The one result Bernie Ecclestone didn’t want in Australia was the one he got — a Michael Schumacher win. And Maranello’s decision to rely for the time being on last year’s Ferrari seemed to be no handicap at all. (In fact, the flawlessly prepared F2001 s in Melbourne had plenty of 2002 about them, including some engine parts, and so perhaps should more accurately be called F2001.5s).
There must be serious worries now that Schuey’s Fangio-equalling fifth title will be wrapped up by the end of July, with consequent damage to Bernie’s television figures for the last few rounds of the season. But, while you didn’t have to be much of a pundit to forecast the winner of the first race, you’d have been hard pressed to foresee the first few hundred metres, when little brother Ralf went ballistic over the back of Rubens Barrichello and set in train an immense accident that wiped out eight cars.
Predictably, Ralf blamed Rubens for weaving; and equally predictably, Rubens blamed Ralf for forgetting to brake. And forthwith, the hopes and dreams of so many going into this first round went up in a cloud of rubber smoke and shredded carbon fibre. Any ambition that rookies Felippe Massa (who qualified an impressive ninth for Sauber) and Allan McNish (a respectable 16th with Toyota) might have entertained of scoring points in their first GP evaporated; so did Giancarlo Fisichella’s desire to make Eddie Jordan smile again, not to mention Jenson Button’s determination to show new form for Flay. And yet the impervious Michael came thinugh the carnage smelling of red roses, adroitly taldng to the grass on the left as he sensed out-of-control wreckage coming up fast on the right. If he hadn’t made an indifferent start he might well have been in the thick of the accident: or was he being canny, remembering the costly recent grid bust-ups in Austria and Hockenheim, and knowing that once the race settled down, he’d have little difficulty getting to the front?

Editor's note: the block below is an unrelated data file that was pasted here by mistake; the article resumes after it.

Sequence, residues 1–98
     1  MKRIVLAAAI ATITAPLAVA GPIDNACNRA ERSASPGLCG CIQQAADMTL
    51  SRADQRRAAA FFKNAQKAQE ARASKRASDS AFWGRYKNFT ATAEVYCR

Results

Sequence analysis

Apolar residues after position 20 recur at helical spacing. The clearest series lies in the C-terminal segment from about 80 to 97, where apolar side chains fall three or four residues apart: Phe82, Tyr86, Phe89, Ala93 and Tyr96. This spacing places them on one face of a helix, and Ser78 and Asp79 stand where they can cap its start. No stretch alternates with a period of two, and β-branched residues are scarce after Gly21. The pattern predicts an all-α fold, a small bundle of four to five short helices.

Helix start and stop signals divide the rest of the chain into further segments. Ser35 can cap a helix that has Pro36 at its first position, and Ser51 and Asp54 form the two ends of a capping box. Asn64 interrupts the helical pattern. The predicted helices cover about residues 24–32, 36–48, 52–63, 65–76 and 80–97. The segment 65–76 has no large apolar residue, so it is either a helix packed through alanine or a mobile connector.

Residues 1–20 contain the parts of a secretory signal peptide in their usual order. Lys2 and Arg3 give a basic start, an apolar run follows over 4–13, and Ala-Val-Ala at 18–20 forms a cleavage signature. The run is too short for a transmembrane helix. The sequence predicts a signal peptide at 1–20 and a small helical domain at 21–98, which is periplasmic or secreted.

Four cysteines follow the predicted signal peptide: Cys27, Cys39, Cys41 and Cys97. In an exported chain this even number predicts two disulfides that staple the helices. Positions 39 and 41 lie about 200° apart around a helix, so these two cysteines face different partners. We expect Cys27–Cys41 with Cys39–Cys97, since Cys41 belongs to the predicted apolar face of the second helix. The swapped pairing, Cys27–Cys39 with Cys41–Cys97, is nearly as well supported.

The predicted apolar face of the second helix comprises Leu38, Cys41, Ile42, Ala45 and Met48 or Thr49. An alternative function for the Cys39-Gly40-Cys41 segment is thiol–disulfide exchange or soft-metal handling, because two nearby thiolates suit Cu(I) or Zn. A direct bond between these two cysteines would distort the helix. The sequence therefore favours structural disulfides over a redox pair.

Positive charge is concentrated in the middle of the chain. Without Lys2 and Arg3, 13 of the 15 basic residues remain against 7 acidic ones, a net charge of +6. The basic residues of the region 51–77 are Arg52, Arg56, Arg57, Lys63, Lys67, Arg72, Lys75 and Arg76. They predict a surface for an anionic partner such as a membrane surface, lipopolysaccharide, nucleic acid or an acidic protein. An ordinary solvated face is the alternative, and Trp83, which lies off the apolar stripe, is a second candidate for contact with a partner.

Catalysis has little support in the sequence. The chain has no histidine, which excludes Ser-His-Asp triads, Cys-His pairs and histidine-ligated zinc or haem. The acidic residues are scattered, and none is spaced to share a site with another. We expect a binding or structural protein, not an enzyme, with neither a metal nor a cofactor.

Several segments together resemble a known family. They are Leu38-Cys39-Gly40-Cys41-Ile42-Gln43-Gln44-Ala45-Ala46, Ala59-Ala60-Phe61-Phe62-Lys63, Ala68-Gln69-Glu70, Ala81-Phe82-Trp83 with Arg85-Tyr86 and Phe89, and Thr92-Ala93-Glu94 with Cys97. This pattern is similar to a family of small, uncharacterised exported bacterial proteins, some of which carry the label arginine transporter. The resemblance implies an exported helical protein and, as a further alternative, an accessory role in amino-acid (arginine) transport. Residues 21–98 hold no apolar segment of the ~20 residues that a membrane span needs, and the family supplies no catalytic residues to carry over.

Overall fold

For that is exactly what happened. He was stuck behind Jamo Trulli’s Renault for a few laps, and he then had a stirring battle with Juan Pablo Montoya’s Williams for several more. But he knew that the Michelins on the Williams would be losing their edge just as his Bridgestones were settling in: unusually cool Melbourne weather was an additional help to his strategy, for this year’s Michelins seem so far to work less well in low temperatures.
The real battle would have been between him and Coulthard, for DC had smoothly taken his McLaren scotfree through the first-corner carnage and, once the Safety Car came in, was building a useful lead while Michael was stuck behind the Renault. Once the Renault had spread itself over the wall, a second Safety Car queue removed that cushion, but it was now that Coulthard’s gear-selection woes began, with the embarrassment of an off behind the Safety Car, and his race was pretty much over at that point. A McLaren-Ferrari battle would have started off the season nicely — but, given the difference between their tyres, Schumacher would sooner or later have been in front.